Jump in to Responsive Web Design: Take the Plunge and Enhance Your User’s Experience
Many mobile websites have a separate url (e.g., m.myawesomecompany.com) with a limited scope compared to the PC website. Is this the first impression you really want to make? If you advertise your website in a public place (or even on TV), people are going to tap it into their phone.
Mobile first responsive web design (RWD) is the idea that the same webpage and content can be viewed on any size screen. Obviously, the site needs to provide the information differently on a phone vs. a tablet vs. a PC vs. a TV, but this can all be taken care of in the code. Start by designing WHAT you want to tell people, and then build in your HTML and CSS the code to deliver it to different platforms.
Check out BostonGlobe.com and resize your browser to see how a responsive design can work. Here is the full screen on my PC:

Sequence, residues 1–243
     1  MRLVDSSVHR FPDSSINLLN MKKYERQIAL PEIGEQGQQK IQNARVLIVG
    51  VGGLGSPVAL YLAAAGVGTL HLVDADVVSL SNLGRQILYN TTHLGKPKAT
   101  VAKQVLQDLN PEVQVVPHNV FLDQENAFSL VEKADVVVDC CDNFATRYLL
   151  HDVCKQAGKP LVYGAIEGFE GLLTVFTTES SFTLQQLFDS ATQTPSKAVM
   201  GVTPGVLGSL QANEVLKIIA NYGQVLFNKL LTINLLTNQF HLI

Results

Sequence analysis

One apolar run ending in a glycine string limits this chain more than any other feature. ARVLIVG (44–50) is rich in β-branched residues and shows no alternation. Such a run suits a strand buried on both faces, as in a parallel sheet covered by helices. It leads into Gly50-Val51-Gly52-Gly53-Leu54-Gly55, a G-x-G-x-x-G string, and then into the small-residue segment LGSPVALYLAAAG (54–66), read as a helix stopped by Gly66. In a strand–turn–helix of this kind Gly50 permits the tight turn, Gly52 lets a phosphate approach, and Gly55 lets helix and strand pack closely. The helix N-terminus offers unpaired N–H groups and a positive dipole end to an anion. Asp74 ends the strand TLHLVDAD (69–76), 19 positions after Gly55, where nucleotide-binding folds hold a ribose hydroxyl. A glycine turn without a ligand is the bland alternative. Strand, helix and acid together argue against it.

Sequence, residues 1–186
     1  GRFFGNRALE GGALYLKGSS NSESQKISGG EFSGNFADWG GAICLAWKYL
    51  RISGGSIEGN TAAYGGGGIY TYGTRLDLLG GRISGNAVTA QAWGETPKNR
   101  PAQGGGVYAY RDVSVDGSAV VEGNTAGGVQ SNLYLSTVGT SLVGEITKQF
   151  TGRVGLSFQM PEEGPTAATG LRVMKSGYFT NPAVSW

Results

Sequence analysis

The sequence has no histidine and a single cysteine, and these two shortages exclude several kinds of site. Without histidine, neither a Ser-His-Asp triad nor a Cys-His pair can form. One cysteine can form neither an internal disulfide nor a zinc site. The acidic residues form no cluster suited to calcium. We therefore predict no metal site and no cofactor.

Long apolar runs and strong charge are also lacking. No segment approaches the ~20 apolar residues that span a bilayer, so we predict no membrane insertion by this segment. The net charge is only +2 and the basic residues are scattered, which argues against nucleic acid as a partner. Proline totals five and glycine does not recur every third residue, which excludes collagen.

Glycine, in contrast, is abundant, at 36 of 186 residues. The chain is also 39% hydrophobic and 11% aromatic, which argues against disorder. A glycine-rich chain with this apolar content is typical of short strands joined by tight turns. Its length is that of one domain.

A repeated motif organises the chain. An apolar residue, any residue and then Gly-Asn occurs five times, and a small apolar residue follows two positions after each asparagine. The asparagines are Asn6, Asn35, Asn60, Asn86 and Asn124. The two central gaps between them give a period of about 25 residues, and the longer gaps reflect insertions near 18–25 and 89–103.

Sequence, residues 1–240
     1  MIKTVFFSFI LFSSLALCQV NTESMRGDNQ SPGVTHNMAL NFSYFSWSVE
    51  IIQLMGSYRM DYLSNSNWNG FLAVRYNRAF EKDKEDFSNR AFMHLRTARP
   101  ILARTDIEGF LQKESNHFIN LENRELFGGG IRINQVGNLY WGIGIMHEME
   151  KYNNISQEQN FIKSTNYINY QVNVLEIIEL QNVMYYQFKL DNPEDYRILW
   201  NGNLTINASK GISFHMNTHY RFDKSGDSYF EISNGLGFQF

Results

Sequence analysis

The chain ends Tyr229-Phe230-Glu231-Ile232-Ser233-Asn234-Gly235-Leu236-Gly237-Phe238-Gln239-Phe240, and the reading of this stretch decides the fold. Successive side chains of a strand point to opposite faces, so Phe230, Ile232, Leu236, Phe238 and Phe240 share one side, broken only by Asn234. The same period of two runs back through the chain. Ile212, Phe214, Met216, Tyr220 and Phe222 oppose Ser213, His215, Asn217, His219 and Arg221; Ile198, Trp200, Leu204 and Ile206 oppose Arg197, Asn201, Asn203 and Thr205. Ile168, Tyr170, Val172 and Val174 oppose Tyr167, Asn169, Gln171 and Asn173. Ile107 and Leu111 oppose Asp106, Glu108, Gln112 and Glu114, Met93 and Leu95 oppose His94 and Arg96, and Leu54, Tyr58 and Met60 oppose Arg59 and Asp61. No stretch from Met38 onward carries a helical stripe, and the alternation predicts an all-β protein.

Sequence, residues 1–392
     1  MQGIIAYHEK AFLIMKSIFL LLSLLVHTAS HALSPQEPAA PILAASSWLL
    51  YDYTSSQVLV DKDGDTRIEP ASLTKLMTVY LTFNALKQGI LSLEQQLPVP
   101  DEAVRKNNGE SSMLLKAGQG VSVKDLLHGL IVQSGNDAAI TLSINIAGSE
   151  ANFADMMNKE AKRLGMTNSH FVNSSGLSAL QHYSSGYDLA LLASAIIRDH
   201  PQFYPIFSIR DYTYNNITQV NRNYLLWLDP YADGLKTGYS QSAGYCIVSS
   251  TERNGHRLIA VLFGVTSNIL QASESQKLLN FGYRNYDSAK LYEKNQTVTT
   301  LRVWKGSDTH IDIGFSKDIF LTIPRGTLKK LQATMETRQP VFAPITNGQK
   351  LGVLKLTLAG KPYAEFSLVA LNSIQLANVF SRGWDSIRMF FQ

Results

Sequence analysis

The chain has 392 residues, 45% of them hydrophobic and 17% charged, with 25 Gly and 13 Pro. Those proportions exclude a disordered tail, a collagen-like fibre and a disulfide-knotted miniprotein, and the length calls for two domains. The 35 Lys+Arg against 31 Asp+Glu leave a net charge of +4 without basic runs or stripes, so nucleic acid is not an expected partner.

We start off with 3 columns of news. As I shrink the window to “tablet size”:
Note: now there are just 2 columns of content (vs.3) The Menu has shrunk from a list of sections to a dropdown menu with a list of sections. The advertisement (Tom Brady tossing a football) is still there, but has dropped below the fold. Let’s keep shrinking to smartphone size:
Now we are down to one column. The left column (John Kerry and Hamid Karzai) is now directly below what was originally the center section. The right column (with the ad) is below that.
Looks cool, right? This is the experience your customers are expecting on mobile. Give them everything – no matter the device. There are performance issues to be had with RWD. You need to make sure that your homepage is simple. While Bostonglobe.com looks great, there are a lot of files, and it uses 1.5MB of data. This takes TIME to download on a mobile device, so you must make sure to include performance as a metric of your RWD.
Is your company website mobile-ready? Could RWD help you make the leap efficiently and effectively?